​Be hopeful, but also cautious

Stem Cell CautionThere is indeed a great deal of promise regarding stem cells. Between newspaper headlines and Internet testimonials, it is indeed tempting to think cures are right around the corner. But the stem cell field is still very new. Not enough is known about how stem cells work; moving from research to the clinic is long and complicated. Clouding the picture are high expectations for stem cells, fueled by lots of Internet noise.

There are many clinics outside the United States and outside mainstream medicine that offer, for large fees, unproven stem cell therapies. None of these clinics can back up claims of recovery with published, credible science. Fueled by very motivated patients who seem to feel they have nothing to lose, stem cell tourism is a big business -- despite warnings from reputable scientists and numerous reports of stem cell scams and fraud. Before you or someone you know considers such a treatment, be a responsible consumer; make an effort to understand the risks.

Ask lots of questions. Please visit the Closer Look At Stem Cells website from the International Society for Stem Cell Research.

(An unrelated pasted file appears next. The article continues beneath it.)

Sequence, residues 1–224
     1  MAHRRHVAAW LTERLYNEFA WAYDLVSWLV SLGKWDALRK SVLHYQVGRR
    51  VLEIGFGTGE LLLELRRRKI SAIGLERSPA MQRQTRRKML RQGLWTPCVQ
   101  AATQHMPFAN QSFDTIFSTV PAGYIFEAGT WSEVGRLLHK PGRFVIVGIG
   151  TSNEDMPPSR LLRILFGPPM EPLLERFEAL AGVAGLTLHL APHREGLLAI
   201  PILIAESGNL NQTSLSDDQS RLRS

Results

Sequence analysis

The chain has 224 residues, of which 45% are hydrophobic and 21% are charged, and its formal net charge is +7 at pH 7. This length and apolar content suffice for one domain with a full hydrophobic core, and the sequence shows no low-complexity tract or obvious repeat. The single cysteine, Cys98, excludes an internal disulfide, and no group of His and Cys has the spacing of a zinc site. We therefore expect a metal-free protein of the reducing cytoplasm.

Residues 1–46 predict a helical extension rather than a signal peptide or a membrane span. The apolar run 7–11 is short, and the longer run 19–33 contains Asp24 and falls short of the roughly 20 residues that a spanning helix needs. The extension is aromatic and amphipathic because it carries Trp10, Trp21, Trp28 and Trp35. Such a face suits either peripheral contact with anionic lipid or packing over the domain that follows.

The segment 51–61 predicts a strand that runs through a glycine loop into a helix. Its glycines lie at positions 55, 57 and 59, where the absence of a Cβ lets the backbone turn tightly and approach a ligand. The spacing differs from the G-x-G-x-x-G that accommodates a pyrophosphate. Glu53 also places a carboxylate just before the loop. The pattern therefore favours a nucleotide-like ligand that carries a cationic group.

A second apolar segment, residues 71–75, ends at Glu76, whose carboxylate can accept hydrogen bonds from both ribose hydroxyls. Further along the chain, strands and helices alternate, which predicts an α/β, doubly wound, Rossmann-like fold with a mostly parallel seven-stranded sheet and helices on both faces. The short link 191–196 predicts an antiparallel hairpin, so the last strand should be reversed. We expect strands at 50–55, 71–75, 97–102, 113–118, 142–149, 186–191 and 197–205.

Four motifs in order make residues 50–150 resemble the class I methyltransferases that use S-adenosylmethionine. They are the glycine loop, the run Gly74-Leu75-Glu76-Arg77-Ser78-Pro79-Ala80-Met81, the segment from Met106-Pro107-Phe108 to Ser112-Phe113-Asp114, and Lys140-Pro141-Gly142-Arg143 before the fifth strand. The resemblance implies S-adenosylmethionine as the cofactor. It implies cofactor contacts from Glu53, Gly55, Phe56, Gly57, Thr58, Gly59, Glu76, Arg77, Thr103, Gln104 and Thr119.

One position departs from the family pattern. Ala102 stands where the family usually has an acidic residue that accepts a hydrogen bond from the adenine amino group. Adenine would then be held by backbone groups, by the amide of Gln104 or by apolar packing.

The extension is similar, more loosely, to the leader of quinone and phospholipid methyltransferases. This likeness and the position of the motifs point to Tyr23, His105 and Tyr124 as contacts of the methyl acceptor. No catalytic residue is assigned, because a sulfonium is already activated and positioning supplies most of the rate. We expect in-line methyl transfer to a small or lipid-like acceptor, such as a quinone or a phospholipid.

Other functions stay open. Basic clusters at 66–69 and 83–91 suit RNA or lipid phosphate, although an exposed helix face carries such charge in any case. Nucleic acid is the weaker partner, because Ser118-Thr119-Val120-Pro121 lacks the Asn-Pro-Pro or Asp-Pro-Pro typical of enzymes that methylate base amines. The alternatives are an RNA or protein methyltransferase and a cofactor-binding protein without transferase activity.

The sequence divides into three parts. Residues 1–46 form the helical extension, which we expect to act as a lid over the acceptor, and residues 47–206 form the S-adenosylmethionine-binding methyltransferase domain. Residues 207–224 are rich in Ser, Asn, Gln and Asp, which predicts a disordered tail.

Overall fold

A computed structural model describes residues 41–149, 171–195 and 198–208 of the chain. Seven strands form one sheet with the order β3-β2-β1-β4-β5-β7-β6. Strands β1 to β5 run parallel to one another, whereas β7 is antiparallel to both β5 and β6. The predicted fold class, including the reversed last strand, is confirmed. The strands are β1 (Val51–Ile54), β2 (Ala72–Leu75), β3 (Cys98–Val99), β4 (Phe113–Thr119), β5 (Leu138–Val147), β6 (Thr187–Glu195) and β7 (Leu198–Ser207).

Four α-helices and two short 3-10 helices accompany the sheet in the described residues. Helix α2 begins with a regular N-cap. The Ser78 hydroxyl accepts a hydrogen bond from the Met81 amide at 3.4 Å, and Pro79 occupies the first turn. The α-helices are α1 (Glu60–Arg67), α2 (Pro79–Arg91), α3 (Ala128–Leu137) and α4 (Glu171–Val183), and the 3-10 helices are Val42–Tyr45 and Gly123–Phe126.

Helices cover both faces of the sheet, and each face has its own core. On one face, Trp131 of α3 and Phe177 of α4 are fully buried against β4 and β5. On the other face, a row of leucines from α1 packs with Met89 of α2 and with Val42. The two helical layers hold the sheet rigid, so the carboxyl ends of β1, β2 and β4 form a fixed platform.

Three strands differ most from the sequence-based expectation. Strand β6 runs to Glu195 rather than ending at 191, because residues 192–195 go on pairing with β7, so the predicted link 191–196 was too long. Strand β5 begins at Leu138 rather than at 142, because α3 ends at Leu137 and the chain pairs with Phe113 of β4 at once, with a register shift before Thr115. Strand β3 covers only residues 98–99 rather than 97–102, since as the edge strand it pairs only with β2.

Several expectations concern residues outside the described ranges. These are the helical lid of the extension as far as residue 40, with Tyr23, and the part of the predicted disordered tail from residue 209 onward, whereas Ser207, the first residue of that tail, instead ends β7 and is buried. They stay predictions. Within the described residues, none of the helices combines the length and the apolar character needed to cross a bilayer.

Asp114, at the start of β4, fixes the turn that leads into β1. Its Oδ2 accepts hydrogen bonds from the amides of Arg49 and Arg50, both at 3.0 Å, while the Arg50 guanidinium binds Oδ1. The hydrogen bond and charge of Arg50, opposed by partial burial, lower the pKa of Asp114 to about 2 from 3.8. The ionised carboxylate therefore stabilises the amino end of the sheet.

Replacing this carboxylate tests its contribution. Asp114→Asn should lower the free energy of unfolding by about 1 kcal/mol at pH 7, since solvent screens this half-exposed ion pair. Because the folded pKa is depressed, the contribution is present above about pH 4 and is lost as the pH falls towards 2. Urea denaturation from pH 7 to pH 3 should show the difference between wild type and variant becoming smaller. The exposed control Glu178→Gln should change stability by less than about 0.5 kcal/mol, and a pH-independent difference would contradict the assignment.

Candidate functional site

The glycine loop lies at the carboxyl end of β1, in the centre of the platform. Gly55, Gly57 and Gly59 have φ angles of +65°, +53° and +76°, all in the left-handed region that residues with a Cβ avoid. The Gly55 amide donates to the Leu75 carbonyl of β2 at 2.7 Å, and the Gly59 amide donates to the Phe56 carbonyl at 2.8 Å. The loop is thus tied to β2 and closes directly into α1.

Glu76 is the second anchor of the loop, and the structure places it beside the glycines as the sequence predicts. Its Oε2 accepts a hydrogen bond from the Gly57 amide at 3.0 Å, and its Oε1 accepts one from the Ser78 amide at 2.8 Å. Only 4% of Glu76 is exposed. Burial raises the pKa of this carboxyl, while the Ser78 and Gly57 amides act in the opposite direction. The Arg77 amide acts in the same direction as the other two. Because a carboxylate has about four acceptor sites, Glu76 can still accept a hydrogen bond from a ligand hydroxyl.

Some essential questions to ask a stem cell clinic

  • Is the treatment FDA-approved, and if not, why not?Will this affect whether I can get into another clinical trial?
  • What benefits can I expect?
  • How will this be measured, and how long will it take?
  • What other medications or special care might I need?
  • How is this stem cell procedure done?
  • What is the source of the stem cells?
  • How are the stem cells identified, isolated, and grown?
  • Are the cells differentiated into specialized cells before therapy?
  • How do I know if the cells are delivered to the right part of my body?
  • If the cells are not my own, how will my immune system be prevented from reacting to the transplanted cells?
  • What do the cells actually do, and is there scientific evidence that this procedure could work for my disease or condition? Where is this published?